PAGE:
Bayer follows the strictest scientific and ethical principles, always in accordance with applicable law, when carrying out research on humans – especially when it comes to patient recruitment.
Awareness of benefits and potential risks
Each patient needs to be aware of the possible benefits and risks involved in taking part in a clinical trial.
In addition to making a personal contribution to medical progress, one of the central motivating factors for participating in a clinical study is at the same time its most valuable potential benefit: patients have access to a medication that is not yet available on the market, a medication which may be able to shorten the course of their disease, prolong their lives or improve their quality of life.
A possible risk in taking part in a clinical trial is that the drugs being tested may be less effective or of lower tolerability than the currently used standard therapy. Furthermore, new forms of treatment may be accompanied by unforeseeable undesired effects.
Patients are informed that Phase III trials compare a new drug candidate with the current standard therapy or a pharmacologically inactive placebo if no standard therapy exists. Participants are randomly assigned to the standard therapy group or the treatment group under investigation, usually by computer. This method, called randomization, helps to avoid bias and ensures that human choices or other factors do not affect the study's results.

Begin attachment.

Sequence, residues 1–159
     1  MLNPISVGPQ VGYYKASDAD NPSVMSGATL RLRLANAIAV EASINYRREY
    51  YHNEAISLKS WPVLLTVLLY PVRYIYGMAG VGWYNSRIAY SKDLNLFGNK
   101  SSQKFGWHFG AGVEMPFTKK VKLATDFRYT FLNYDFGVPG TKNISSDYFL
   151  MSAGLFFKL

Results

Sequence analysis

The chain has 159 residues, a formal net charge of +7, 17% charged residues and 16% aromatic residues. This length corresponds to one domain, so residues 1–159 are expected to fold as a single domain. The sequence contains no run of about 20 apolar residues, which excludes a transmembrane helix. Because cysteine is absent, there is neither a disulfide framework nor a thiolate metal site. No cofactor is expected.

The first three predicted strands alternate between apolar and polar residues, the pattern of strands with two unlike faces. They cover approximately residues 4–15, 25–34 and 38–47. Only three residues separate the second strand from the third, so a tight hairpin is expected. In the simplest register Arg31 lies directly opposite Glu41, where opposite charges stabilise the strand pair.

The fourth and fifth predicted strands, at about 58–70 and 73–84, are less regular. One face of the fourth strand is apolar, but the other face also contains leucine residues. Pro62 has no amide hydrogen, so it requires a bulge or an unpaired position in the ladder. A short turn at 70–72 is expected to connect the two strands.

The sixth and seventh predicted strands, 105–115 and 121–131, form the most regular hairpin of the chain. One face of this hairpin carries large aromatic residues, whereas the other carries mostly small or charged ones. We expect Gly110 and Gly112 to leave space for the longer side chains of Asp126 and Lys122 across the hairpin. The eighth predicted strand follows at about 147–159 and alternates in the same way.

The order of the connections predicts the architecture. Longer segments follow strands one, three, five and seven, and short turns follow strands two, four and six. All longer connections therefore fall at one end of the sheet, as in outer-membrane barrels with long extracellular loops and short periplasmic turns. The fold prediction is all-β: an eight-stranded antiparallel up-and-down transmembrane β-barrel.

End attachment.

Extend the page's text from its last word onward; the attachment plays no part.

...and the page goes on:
However, medical progress and innovation would not be possible without these patients – by participating, they play a crucial role in ensuring that a medicinal product, proven to be safe and effective, can be submitted for regulatory approval and made available to other patients.
Rights and responsibilites of trial participants
The decision to enroll in a clinical trial provides the patients with extensive rights. Before any clinical trial begins, the attending physician is required to inform patients of all important facts and details of the study in both written and oral form. The patients are asked to confirm their willingness to participate in the trial by signing a written Informed Consent form, a copy of which is provided to the patient for future reference. Informed Consent Forms must be approved by the respective institutional review board, also known as independent ethics committees or ethical review boards, before they can be provided to the patient.